Elected officials and public figures who were not listed in the letter sent to Pence, including former Virginia Gov. Terry McAuliffe and Rep. Charlie Crist, had voiced their support for implementing the 25th Amendment earlier on Wednesday in the wake of the riot at the Capitol.
Gabriel Noronha, a U.S. State Department official who oversees communications between the U.S. and Iran, tweeted that the president is "entirely unfit to remain in office, and needs to go."
Under the 25th Amendment, Congress, the cabinet and vice president can strip powers from a president if for some reason he or she is declared unfit under dire circumstances. But that requires a two-thirds vote of both chambers.
Section 4 of the 25th Amendment also states that a majority of "such other body as Congress may by law" determine if the president cannot discharge the powers and duties of his office. Rep. Jamie Raskin, D-Md., said in October that it's time for Congress to set up a commission on presidential succession, saying that the coronavirus crisis has further shown the need for a plan in the event that the president is incapacitated.
Raskin's bill, which would have to be passed by both chambers of Congress and signed by the president, would set up "the Commission on Presidential Capacity to Discharge the Powers and Duties of the Office."
The 17 members of the bipartisan commission would work with the vice president to determine whether the president is "unable to discharge the powers and duties of his office" due to physical or mental incapacity. Prospectively, that commission would adjudicate the need for a transfer of power.
"In times of chaos, we must hold fast to our Constitution," Raskin added. "The 25th amendment is all about the stability of the presidency and the continuity of the office."
The rioters were egged on by Trump, who has spent weeks falsely attacking the integrity of the election and had urged his supporters to descend on Washington to protest Congress’ formal approval of Biden’s victory. Some Republican lawmakers were in the midst of raising objections to the results on his behalf when the proceedings were abruptly halted by the mob.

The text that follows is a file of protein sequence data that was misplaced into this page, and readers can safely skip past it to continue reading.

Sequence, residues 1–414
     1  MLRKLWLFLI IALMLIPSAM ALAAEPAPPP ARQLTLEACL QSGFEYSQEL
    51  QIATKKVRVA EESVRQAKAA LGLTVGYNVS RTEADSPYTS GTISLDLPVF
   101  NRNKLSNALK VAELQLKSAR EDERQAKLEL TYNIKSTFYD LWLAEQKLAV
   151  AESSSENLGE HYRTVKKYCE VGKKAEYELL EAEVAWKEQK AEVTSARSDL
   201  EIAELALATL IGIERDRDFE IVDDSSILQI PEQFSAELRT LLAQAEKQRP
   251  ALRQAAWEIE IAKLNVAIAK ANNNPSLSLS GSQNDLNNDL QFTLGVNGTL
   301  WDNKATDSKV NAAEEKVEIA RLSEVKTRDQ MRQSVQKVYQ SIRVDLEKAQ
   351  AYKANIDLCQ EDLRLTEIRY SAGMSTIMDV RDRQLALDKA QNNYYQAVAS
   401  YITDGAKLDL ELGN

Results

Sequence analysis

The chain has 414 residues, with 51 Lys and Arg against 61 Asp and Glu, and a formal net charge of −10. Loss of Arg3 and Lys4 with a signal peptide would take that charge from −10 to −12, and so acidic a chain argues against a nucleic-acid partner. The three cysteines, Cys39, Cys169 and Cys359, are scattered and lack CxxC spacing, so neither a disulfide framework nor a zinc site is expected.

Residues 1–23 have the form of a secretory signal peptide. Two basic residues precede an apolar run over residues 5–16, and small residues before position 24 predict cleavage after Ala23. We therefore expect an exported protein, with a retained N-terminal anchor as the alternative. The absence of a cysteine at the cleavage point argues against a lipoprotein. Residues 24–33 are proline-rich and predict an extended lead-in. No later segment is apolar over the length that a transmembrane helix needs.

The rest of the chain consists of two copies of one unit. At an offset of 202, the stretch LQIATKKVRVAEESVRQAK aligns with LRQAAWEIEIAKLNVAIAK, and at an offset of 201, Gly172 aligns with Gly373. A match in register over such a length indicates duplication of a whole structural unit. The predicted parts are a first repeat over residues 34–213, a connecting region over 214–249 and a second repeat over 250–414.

Congress reconvened late Wednesday, with lawmakers decrying the protests that defaced the Capitol and vowing to finish confirming the Electoral College vote for Biden’s election, even if it took all night.
Pence reopened the Senate and directly addressed the demonstrators: "You did not win."
Republican Senate Majority Leader Mitch McConnell said the "failed insurrection" underscored lawmakers’ duty to finish the count. Democratic House Speaker Nancy Pelosi said Congress would show the world "what America is made of" with the outcome.
The president gave his supporters a boost into action Wednesday morning at a rally outside the White House, where he urged them to march to the Capitol. He spent much of the afternoon in his private dining room off the Oval Office watching scenes of the violence on television.
At the urging of his staff, he reluctantly issued a pair of tweets and a taped video telling his supporters it was time to "go home in peace" — yet he still said he backed their cause.
On Wednesday, Twitter for the first time locked Trump’s account, demanded that he remove tweets excusing violence and threatened "permanent suspension." Facebook and Instagram said Thursday they will bar Trump from posting at least until the inauguration of Biden.
The Associated Press, FOX News and Kelly Hayes contributed to this report.